Our next task is to create a functional model. The following few slides present an explanatory model which could account for the behavior obtained under an interfood clock.
The presentation of a reinforcer at regularly-spaced intervals produces a set of stimulus elements which are correlated with the maximum probability or maximum imminence (Smax) of food presentation. It also produces a set of stimuli which are correlated with the minimum probability or minimum imminence (Smin). Relative behavior output is a function of the relative position within the temporal gradient between Smin and Smax. This view argues that behaviors opposite in vector occur at the two extremes of the gradient. This bipolar view provides a relatively general model with which to integrate several more specialized models.
Gibbon has argued that the ratio of the duration of a trial stimulus to the overall interfood interval determines acquisition speed (bottom portion of slide). The upper portion of the slide illustrates how his model follows from a bipolar one.
The Rescorla Wagner model specifies the growth function of behavior across trials with increasing experience. In particular, their model specifies the expected performance immediately preceding food presentation. "Learning" in that portion of the IRI is illustrated in the lower right portion of the slide. The upper portion of the slide illustrates how the Rescorla Wagner view is a single slice in the bipolar model. A second slice from an earlier portion of the IRI is illustrated in the lower left (slice #2 ).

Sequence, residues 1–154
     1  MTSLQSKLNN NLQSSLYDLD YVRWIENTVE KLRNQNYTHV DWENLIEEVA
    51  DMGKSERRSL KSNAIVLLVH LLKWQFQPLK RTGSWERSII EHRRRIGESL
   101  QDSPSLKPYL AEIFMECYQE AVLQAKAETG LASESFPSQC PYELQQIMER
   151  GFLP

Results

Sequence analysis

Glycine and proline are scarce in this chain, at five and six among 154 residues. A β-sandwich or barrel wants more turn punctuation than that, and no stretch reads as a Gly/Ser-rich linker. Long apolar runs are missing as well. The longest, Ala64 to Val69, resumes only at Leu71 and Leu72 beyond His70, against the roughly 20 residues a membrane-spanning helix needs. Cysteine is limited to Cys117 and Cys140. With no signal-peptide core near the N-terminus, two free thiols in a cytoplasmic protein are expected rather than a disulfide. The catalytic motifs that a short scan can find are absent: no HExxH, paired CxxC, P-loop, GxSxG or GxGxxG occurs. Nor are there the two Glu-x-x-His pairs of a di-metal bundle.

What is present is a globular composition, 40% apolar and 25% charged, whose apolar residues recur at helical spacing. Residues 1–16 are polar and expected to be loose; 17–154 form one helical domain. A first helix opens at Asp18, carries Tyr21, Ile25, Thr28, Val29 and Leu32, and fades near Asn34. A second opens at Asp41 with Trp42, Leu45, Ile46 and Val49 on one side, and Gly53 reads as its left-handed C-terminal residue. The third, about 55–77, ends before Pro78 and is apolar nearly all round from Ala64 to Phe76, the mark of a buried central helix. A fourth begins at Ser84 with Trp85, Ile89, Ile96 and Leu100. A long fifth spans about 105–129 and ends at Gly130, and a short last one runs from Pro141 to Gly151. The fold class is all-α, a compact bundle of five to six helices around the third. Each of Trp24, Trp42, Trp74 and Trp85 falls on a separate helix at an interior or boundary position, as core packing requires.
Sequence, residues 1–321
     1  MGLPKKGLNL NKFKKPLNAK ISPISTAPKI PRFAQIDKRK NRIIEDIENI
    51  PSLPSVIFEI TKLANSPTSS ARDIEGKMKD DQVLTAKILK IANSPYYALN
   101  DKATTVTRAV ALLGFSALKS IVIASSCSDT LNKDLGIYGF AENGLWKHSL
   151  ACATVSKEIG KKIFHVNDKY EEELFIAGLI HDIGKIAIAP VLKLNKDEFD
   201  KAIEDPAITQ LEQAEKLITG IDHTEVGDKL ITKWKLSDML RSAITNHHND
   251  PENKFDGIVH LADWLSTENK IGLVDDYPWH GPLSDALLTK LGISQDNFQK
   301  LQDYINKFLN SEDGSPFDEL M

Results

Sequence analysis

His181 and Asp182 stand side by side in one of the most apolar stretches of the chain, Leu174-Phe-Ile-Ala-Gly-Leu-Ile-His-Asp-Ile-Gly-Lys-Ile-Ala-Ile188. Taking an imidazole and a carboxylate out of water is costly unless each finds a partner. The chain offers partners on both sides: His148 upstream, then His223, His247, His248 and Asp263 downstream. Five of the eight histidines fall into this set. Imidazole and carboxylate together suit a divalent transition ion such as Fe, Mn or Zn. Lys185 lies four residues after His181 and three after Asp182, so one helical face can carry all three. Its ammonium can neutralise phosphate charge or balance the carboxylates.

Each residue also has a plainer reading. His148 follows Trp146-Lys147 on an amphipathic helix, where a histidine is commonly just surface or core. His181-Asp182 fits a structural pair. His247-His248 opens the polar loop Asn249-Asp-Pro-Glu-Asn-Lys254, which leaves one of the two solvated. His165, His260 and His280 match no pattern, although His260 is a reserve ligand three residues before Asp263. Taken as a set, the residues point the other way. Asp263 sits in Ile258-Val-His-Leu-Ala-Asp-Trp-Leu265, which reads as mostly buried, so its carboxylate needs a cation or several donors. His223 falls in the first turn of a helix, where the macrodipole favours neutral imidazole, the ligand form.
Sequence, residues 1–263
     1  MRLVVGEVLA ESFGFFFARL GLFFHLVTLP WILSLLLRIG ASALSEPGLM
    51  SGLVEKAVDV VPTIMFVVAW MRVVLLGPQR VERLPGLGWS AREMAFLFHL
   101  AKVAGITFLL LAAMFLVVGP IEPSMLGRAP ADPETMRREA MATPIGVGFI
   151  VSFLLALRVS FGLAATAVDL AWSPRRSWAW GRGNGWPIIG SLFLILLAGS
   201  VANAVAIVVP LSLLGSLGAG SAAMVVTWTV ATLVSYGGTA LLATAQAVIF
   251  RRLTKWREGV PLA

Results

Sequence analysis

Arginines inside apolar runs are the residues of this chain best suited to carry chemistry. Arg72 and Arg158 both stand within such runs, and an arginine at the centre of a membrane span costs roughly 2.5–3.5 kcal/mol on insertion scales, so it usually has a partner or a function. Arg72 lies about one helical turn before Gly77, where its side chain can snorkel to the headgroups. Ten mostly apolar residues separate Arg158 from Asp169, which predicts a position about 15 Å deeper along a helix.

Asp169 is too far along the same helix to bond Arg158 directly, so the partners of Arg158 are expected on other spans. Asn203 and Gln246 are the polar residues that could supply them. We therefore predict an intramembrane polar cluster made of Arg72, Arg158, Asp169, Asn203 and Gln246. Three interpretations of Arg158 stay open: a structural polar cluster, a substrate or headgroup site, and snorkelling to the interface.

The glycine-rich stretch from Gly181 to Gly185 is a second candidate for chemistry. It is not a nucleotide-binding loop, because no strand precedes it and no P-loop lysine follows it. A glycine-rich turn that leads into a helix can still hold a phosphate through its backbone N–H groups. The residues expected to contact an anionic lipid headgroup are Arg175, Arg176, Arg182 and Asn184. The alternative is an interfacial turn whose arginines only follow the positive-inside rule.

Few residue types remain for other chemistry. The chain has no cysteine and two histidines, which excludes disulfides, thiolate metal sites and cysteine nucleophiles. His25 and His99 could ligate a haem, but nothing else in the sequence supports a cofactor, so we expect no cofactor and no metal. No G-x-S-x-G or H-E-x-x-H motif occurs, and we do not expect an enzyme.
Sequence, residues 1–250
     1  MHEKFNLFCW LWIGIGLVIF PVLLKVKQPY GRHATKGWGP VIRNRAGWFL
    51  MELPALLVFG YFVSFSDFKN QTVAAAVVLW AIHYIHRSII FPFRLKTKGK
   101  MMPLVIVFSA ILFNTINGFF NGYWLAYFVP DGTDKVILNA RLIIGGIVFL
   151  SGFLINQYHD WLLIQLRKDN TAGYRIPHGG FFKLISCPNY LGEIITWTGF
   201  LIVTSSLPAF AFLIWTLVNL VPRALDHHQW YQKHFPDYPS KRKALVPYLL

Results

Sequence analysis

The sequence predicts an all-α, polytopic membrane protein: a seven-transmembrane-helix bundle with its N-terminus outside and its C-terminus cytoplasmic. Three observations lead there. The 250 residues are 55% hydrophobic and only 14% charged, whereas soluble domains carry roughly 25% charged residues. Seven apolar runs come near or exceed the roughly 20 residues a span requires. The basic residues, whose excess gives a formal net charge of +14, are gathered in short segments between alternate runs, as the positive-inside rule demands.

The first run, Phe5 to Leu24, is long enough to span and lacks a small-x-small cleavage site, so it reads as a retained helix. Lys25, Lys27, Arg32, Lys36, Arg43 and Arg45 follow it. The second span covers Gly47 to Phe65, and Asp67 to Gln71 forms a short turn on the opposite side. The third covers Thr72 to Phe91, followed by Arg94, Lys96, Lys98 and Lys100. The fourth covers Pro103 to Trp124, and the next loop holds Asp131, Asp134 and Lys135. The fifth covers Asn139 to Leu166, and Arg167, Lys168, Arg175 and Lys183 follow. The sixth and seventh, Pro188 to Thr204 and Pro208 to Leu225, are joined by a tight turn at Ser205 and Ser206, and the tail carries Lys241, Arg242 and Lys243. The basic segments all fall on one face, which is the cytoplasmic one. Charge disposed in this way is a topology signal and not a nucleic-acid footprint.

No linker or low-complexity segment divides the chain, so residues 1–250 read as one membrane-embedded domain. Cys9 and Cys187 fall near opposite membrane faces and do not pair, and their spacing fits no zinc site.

Herrnstein proposed that the proportion of behavior to an alternative was a function of the proportion of reinforcers available for that alternative. That perspective is illustrated in the bottom portion of the slide.
If a fixed interval is thought to generate two types of behavior, one immediately before food presentation that could be labeled approach, and the other at the beginning of the interval labeled avoidance; then a fixed interval could be thought of as a continuously changing concurrent schedule. The obtained function represents the behavioral equilibrium between the two schedules.
This surface portrays the change in behavior as a function of both time in the fixed-interreinforcement interval and with increasing experience. On first exposure (front), the interreinforcement interval has no effect. With growing experience, the final and initial portion of the IRI has an increasing effect. Approach behavior begins to occur at the very final portion of the IRI. Avoidance first begins in the initial portion of the interval. Eventually after asymptotic experience there is a relatively smooth transition from avoidance in the beginning of the interval to approach in the final portion of the interval; the ogive effect is apparent
In conclusion, fixed intervals exert bipolar control.
More detailed information on this model is available at:
Determinants of Associative Behavior Change
Date Last Reviewed : May 26, 2003